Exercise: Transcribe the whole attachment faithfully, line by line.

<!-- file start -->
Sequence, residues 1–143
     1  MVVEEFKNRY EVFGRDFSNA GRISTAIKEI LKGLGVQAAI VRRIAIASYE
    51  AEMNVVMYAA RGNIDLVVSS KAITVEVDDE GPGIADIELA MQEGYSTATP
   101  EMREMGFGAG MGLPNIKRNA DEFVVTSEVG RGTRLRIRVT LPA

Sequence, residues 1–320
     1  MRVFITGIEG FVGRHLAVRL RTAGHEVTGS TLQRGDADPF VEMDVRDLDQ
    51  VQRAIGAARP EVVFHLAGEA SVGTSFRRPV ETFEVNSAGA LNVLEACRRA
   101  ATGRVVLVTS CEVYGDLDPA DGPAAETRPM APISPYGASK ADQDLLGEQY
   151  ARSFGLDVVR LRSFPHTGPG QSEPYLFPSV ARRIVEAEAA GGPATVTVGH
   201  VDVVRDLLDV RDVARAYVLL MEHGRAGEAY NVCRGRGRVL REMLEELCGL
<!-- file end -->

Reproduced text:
Sequence, residues 1–143
     1  MVVEEFKNRY EVFGRDFSNA GRISTAIKEI LKGLGVQAAI VRRIAIASYE
    51  AEMNVVMYAA RGNIDLVVSS KAITVEVDDE GPGIADIELA MQEGYSTATP
   101  EMREMGFGAG MGLPNIKRNA DEFVVTSEVG RGTRLRIRVT LPA

Sequence, residues 1–320
     1  MRVFITGIEG FVGRHLAVRL RTAGHEVTGS TLQRGDADPF VEMDVRDLDQ
    51  VQRAIGAARP EVVFHLAGEA SVGTSFRRPV ETFEVNSAGA LNVLEACRRA
   101  ATGRVVLVTS CEVYGDLDPA DGPAAETRPM APISPYGASK ADQDLLGEQY
   151  ARSFGLDVVR LRSFPHTGPG QSEPYLFPSV ARRIVEAEAA GGPATVTVGH
   201  VDVVRDLLDV RDVARAYVLL MEHGRAGEAY NVCRGRGRVL REMLEELCGL